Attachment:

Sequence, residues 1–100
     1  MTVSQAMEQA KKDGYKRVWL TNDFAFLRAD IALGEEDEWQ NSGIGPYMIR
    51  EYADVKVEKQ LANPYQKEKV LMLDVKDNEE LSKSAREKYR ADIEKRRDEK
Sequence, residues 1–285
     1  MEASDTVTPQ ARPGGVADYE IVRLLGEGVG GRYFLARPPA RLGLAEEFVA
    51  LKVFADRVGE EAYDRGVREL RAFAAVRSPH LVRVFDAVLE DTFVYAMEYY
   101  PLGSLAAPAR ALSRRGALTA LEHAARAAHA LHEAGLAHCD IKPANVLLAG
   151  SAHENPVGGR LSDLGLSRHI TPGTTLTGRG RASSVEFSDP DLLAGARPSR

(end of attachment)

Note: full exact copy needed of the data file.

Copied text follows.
Sequence, residues 1–100
     1  MTVSQAMEQA KKDGYKRVWL TNDFAFLRAD IALGEEDEWQ NSGIGPYMIR
    51  EYADVKVEKQ LANPYQKEKV LMLDVKDNEE LSKSAREKYR ADIEKRRDEK
Sequence, residues 1–285
     1  MEASDTVTPQ ARPGGVADYE IVRLLGEGVG GRYFLARPPA RLGLAEEFVA
    51  LKVFADRVGE EAYDRGVREL RAFAAVRSPH LVRVFDAVLE DTFVYAMEYY
   101  PLGSLAAPAR ALSRRGALTA LEHAARAAHA LHEAGLAHCD IKPANVLLAG
   151  SAHENPVGGR LSDLGLSRHI TPGTTLTGRG RASSVEFSDP DLLAGARPSR